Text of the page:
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How skydiver miraculously survived after falling 8,000 feet without a parachute

How skydiver miraculously survived after falling 8,000 feet without a parachute

Both parachutes failed and he went into a three-minute spin, hitting the ground at 30 mph, but only sustaining minor injuries.

Skydiving has never exactly seemed like the safest of pastimes, but with the amount of safety equipment involved, the more practised you are, the safer it can be.

Still, accidents can happen and with the rise of action cameras they're more likely than ever to be caught on camera.

That's what happened when Craig Stapleton made a skydive in California in 2013, and everything went wrong.

He and a friend were doing a practice dive to rehearse a flag ceremony they were going to be part of when Stapleton's descent became more frantic. He started to get tangled in both his primary parachute and the flag, and went into a scary spin.

Although the flag ripped loose at a certain point, Stapleton couldn't regain control of himself, and when he finally succeeded in trying to deploy his backup parachute, it got tangled in the first, devastatingly.

From there, Stapleton said that he pretty much assumed he was going to die when he hit the ground, but knew that he had a couple of minutes before that happened, such was the altitude of the dive.

A video shown by ABC News, which was shot by another of his teammates, shows footage of the terrifying incident, and in an interview Stapleton told the news outlet: "I'd pretty much figured I was dead. I was thinking about my wife and kids, and what was going to happen to them I was just really sorry that I wasn't there to say goodbye to them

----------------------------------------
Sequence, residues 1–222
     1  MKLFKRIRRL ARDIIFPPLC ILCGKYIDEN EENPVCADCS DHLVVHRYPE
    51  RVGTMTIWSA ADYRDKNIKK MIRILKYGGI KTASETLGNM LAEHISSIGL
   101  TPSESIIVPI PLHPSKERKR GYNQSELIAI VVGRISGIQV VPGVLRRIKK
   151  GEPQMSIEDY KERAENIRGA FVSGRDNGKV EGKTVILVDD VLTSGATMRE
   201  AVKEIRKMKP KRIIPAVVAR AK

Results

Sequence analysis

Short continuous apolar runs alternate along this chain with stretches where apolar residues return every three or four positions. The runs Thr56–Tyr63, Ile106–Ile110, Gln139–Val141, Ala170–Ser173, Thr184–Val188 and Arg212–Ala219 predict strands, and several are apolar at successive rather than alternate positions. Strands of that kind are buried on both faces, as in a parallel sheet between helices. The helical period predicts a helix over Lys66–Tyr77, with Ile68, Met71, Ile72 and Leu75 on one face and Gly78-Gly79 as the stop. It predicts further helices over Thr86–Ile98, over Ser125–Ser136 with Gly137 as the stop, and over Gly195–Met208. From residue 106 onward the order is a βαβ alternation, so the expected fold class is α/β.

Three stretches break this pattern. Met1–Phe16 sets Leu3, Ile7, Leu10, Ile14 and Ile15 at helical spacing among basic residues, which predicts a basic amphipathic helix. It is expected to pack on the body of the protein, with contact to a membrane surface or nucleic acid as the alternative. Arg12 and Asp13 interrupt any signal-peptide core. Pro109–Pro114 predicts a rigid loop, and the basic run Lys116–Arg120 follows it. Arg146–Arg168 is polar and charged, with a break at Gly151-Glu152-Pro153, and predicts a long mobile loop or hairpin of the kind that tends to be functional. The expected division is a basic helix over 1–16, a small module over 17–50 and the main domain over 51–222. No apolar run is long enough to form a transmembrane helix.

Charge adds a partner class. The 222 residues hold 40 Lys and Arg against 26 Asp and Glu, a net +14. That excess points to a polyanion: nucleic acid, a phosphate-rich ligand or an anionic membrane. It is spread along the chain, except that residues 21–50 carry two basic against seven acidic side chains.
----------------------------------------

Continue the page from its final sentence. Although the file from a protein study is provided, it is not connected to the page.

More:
He added: "At some point you just say this is where I'm going to land, this is how I'm going to land, I've got to do the best I can to brace for that impact and hope to God I survive."

Craig Stapleton survived falling nearly 8,000 feet without a parachute.
ABC News/YouTube

He ended up landing in a field of grapes, with pretty soft soil, and unbelievably the only injuries he sustained were some bruising and a dislocated shoulder - something that has baffled observers.

While it's true that even the wrongly deployed parachutes would have slowed his descent a little, he's still moving quickly enough to be in huge danger, so some commenters under the YouTube video about Stapleton have speculated that it was his spinning that saved him.

One person speculated: "Yeah I also think it's the spin, both people who survived had a very fast spin, hitting the ground not straight on but their angular momentum from the spin probably pushes some of that energy off to the side a little bit, just enough to lessen the impact on the body from lethal to survivable. Just my theory any ways. I guess we should get myth busters on it."

However the exact mechanics of his survival worked, Stapleton lived to tell the tale, which is quite remarkable.

Featured Image Credit: ABC News